The liquid carrier
A process developed by the Helmholtz Institute Erlangen-Nürnberg makes it possible to store and transport hydrogen safely and easily. By 2022, it will be tested in everyday operation at Jülich.
Hydrogen leaving the electolyser is a colourless and odourless gas, lighter than air. But what to do with it? It must be stored and transported before it can be used at a later date or in another place. Lest it take up too much space, it is usually compressed and stored in pressure vessels, underground in salt caverns or cooled to below minus 240 °C so that the hydrogen becomes liquid. There is an alternative, however: the so-called LOHC technology. In a chemical reactor, hydrogen is bound to a diesel-like and flame-retardant organic carrier liquid, the Liquid Organic Hydrogen Carrier, or LOHC for short.
In the same reactor, the hydrogen can be split off again as soon as it is later needed for power generation or for fuelling fuel cell vehicles. Bonded to the LOHC, the hydrogen can not only be safely stored at atmospheric conditions in classic steel tanks, but can also be transported in classic tank trucks, tank wagons or tank ships. The technology is based on research work carried out by a team led by Prof. Peter Wasserscheid at the Helmholtz Institute Erlangen-Nürnberg, a part of Forschungszentrum Jülich.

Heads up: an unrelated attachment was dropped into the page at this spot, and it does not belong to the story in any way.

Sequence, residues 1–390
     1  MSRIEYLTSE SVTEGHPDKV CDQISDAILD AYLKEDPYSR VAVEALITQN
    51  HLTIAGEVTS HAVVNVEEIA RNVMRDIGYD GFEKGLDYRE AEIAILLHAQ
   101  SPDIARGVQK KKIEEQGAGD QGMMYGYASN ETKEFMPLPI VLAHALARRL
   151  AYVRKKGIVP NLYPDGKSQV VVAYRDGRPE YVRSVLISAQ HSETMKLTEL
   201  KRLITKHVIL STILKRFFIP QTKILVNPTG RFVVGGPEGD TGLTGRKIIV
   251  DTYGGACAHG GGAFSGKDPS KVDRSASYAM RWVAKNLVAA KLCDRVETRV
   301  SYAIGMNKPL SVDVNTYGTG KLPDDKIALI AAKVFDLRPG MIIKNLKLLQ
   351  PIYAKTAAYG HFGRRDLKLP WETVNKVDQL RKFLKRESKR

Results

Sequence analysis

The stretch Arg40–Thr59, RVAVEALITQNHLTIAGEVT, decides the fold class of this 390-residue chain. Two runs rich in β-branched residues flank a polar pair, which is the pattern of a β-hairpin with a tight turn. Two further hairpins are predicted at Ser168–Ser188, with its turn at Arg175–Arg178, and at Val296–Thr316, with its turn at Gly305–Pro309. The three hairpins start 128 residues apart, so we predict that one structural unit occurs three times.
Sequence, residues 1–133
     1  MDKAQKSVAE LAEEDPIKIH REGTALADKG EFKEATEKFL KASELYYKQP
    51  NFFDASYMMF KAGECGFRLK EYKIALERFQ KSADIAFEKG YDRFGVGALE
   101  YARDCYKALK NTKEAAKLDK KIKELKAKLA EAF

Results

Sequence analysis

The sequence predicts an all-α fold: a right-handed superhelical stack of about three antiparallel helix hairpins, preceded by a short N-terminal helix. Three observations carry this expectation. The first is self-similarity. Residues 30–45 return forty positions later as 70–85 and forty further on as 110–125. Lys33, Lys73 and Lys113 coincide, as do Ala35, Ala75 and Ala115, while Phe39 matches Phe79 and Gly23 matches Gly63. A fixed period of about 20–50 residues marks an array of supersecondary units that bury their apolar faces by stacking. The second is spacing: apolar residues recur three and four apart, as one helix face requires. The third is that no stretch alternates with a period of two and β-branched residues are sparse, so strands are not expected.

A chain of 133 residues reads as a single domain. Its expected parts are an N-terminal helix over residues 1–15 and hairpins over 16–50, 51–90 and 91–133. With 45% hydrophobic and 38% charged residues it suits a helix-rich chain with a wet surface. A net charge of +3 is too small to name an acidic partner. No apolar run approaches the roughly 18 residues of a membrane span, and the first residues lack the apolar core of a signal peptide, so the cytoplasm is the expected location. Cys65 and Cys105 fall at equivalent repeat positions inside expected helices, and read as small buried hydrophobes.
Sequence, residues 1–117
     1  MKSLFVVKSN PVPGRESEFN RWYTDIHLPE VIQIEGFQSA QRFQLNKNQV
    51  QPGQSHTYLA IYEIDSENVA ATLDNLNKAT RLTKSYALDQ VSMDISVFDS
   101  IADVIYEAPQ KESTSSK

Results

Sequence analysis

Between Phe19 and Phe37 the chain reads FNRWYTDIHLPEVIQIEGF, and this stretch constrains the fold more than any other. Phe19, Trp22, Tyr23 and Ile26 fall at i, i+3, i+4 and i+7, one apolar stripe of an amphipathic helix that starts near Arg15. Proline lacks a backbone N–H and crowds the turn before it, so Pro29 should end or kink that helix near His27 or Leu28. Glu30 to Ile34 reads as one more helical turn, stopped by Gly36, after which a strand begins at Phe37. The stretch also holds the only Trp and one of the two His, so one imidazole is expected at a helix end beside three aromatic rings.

At the Jülich research site, an LOHC facility that is unique in the world will be tested in daily operation by 2022. It will become part of the “Living Lab Energy Campus”, a real laboratory for future energy systems at the Jülich research campus. The LOHC facility will be coupled to a combined heat and power plant and use the waste heat generated there to release the hydrogen from the carrier liquid. The hydrogen storage process, in turn, releases heat which flows into Forschungszentrum Jülich’s local heating network.
© Illustrations: Seitenplan